Jazz jam sessions, symphonies and string quartets, wild techno and rave parties – Budapest offers a seemingly infinite array of music events. To get some insight into the Hungarian capital’s dynamic music scene, Culture Trip asked local musicians and concertgoers for the lowdown.
It doesn’t matter what you’re into, Budapest has it all when it comes to music. Every night there are dozens of events, including concerts, parties and alternative theatre performances. The venues are as varied as the gigs: from an inner courtyard transformed into an elegant music hall, to an old boarding school run by French nuns.
“Classical music is boring, outdated, and for old people in suits.” Isn’t this something we’ve all heard? The Budapest Music Centre is far from boring. This exciting venue is set within a Neoclassical 19th-century residential building that has been renovated and turned into a modern cultural space, with the old courtyard transformed into the main concert hall. Other rooms and venues provide space for music courses and conferences. “I love playing here,” says Bence Juhász, a talented young conductor. “The acoustics are great, and I feel like the venue adds something very special to our performance every time.” If you are looking for some quality contemporary classical or jazz music, this is your best best. BMC has a wonderful and vast music library, and – crucially – it has a great restaurant.
The Palace of Arts (Müpa) opened its doors in 2005, and has been one of Hungary’s principal cultural hubs ever since. The mammoth complex consists of a museum of Modern art, a theatre and the Béla Bartók National Concert Hall. The latter is one of the country’s most modern concert halls, seating over 1,500 people and equipped with hyper-modern equipment. “As a musician, I’m always impressed by how versatile the hall is,” Juhász says. “With the help of moveable walls, echo chambers and other high-tech solutions, the acoustics can be perfectly fine-tuned for the performance. It doesn’t matter if it’s a monumental Wagner piece with 120 musicians on stage or a solo recital, the sound is crystal clear.” Pro tip: students can purchase a standing ticket for 500 HUF (around £1.20).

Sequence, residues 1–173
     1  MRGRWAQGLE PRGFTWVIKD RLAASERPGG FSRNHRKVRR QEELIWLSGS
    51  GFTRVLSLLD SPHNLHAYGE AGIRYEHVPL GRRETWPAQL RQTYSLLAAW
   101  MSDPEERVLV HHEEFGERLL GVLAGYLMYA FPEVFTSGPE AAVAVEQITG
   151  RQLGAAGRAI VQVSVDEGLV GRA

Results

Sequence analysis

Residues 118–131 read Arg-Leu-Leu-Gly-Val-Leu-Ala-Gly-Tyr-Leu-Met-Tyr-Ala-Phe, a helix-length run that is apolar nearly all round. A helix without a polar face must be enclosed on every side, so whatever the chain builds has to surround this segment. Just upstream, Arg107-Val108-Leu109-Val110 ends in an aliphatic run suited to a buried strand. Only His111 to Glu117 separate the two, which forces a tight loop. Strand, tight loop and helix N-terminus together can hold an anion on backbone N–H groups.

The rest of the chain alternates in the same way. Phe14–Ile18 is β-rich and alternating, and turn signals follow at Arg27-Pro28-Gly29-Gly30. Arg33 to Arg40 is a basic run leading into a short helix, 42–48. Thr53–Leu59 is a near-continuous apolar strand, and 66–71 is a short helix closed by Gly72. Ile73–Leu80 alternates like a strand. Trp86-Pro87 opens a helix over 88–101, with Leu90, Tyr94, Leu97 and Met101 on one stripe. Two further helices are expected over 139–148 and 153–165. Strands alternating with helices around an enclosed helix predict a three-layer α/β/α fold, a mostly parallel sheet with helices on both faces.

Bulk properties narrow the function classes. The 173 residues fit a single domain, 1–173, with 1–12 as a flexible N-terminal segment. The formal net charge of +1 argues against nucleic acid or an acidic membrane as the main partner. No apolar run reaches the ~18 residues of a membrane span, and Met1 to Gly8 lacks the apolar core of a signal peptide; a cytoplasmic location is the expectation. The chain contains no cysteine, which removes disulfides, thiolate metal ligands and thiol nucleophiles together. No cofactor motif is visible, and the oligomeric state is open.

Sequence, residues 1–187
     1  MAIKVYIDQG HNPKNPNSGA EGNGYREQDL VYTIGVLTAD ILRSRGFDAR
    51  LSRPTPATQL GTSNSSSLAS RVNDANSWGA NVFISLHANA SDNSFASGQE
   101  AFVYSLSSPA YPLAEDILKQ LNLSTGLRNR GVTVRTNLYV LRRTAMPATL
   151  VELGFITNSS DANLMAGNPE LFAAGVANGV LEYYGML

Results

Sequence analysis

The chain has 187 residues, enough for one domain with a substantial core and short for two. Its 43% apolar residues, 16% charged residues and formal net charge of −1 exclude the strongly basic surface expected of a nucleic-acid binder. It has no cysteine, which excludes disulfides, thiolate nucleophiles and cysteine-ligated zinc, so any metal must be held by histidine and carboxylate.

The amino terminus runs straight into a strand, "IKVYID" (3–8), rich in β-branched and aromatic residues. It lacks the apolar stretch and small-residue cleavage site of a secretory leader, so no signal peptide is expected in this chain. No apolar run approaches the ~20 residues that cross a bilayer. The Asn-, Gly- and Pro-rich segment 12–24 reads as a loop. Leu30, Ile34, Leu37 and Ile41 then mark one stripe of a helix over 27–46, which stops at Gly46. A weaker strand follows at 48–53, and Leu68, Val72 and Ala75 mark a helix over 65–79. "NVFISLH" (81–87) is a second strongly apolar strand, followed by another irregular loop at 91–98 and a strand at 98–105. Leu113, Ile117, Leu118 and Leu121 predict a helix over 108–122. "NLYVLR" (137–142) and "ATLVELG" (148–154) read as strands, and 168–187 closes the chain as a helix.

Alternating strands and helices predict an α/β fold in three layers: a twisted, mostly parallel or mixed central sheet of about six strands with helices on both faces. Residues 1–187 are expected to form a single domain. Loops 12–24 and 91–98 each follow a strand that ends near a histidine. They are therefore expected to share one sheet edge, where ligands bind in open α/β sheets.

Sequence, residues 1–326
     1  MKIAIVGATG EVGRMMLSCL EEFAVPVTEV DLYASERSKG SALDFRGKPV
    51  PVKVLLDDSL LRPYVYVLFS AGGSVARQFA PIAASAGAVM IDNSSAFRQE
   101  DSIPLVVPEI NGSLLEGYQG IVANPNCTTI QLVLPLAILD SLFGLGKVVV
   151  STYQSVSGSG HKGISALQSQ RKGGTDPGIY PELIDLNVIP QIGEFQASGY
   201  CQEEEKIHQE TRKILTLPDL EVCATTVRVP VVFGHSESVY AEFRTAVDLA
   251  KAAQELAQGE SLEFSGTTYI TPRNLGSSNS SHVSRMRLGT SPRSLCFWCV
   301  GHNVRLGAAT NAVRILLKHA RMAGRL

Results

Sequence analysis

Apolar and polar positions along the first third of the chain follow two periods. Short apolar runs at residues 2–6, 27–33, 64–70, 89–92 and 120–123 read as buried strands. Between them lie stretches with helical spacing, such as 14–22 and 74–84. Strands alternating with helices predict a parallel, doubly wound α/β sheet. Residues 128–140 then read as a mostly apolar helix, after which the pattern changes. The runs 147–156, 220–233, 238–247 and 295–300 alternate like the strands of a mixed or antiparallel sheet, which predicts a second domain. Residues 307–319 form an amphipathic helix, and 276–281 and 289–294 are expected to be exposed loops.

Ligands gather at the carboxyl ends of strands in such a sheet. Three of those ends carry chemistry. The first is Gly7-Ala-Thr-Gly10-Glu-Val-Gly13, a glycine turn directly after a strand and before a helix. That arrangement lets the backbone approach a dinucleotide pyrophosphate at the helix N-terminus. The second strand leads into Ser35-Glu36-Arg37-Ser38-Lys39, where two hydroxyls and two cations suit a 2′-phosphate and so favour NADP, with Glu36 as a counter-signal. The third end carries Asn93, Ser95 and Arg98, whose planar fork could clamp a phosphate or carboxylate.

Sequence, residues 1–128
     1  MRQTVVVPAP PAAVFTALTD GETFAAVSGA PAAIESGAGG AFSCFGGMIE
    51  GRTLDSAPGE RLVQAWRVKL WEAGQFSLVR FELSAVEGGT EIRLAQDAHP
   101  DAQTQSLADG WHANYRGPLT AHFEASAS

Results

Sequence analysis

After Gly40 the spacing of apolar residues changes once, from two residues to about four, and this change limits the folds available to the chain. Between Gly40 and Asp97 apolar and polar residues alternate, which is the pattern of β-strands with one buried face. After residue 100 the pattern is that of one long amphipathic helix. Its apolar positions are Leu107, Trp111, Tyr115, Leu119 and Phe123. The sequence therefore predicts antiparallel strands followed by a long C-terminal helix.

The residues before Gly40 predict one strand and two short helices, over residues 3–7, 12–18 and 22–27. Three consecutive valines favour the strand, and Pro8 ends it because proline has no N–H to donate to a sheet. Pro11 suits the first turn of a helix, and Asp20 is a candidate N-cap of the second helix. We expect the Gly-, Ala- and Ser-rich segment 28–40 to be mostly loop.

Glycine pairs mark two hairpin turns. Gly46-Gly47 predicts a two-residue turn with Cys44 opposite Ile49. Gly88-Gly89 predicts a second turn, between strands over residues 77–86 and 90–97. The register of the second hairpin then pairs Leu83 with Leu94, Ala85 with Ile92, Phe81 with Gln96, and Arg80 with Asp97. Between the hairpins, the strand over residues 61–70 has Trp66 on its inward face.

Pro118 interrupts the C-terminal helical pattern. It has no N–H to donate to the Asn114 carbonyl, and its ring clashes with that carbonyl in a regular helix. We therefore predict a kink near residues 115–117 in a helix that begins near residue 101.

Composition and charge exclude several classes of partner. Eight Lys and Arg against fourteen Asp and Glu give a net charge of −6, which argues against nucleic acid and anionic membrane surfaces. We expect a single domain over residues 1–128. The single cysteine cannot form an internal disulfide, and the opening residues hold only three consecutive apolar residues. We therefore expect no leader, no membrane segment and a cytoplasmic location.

With an interior painted completely black, Lärm is an electronic music club with Martin audio equipment and no decibel cap. Due to the club’s central location, you might need to fight your way through the crowds to get in, but it’s worth it. “Lärm is currently the most popular underground electronic music venue in Budapest,” says Maxim Jurin, an up-and-coming DJ. He recommends only going to concerts with an entrance fee. “Although there are free concerts as well, having to pay for the ticket means that only hard-core techno fans come. Don’t touch the walls though, if you don’t want to stick to them,” he adds. “It’s dirty, it’s pitch black, it’s raw and loud – it’s true fun.”
For an intimate musical experience, head to Auróra. As its website describes, the venue is a “social enterprise” that aims to embrace and promote the civil sector. The space hosts talks, family events, open theatre performances and concerts, making it both a feature of Budapest nightlife and a hive of activity during the day. According to Vica, a frequent attendee, “Auróra is great because you can always find something you like. It has numerous rooms and bigger areas, so you can peacefully enjoy the concert of your favourite band while not being disturbed by the partying people downstairs.”
Gólya (“Stork”) is more than a concert venue. It’s a community centre with an ambitious mission: promoting peace and acceptance. The wide variety of events include arts and crafts workshops, talks on salient issues such as sustainability and, of course, concerts. The line-up is usually rather eclectic.
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